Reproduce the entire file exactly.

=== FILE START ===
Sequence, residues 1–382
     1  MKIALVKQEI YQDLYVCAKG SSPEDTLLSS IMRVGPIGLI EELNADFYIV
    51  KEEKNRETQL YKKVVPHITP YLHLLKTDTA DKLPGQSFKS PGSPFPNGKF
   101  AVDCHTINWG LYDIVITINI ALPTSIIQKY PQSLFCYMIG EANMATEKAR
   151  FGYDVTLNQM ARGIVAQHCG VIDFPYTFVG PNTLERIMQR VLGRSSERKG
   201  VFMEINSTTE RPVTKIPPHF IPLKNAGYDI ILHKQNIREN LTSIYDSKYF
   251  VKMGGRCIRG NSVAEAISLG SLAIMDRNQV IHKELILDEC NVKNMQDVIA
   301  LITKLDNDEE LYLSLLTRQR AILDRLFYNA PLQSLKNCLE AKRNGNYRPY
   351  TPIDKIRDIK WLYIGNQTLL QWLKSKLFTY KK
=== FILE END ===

Sequence, residues 1–382
     1  MKIALVKQEI YQDLYVCAKG SSPEDTLLSS IMRVGPIGLI EELNADFYIV
    51  KEEKNRETQL YKKVVPHITP YLHLLKTDTA DKLPGQSFKS PGSPFPNGKF
   101  AVDCHTINWG LYDIVITINI ALPTSIIQKY PQSLFCYMIG EANMATEKAR
   151  FGYDVTLNQM ARGIVAQHCG VIDFPYTFVG PNTLERIMQR VLGRSSERKG
   201  VFMEINSTTE RPVTKIPPHF IPLKNAGYDI ILHKQNIREN LTSIYDSKYF
   251  VKMGGRCIRG NSVAEAISLG SLAIMDRNQV IHKELILDEC NVKNMQDVIA
   301  LITKLDNDEE LYLSLLTRQR AILDRLFYNA PLQSLKNCLE AKRNGNYRPY
   351  TPIDKIRDIK WLYIGNQTLL QWLKSKLFTY KK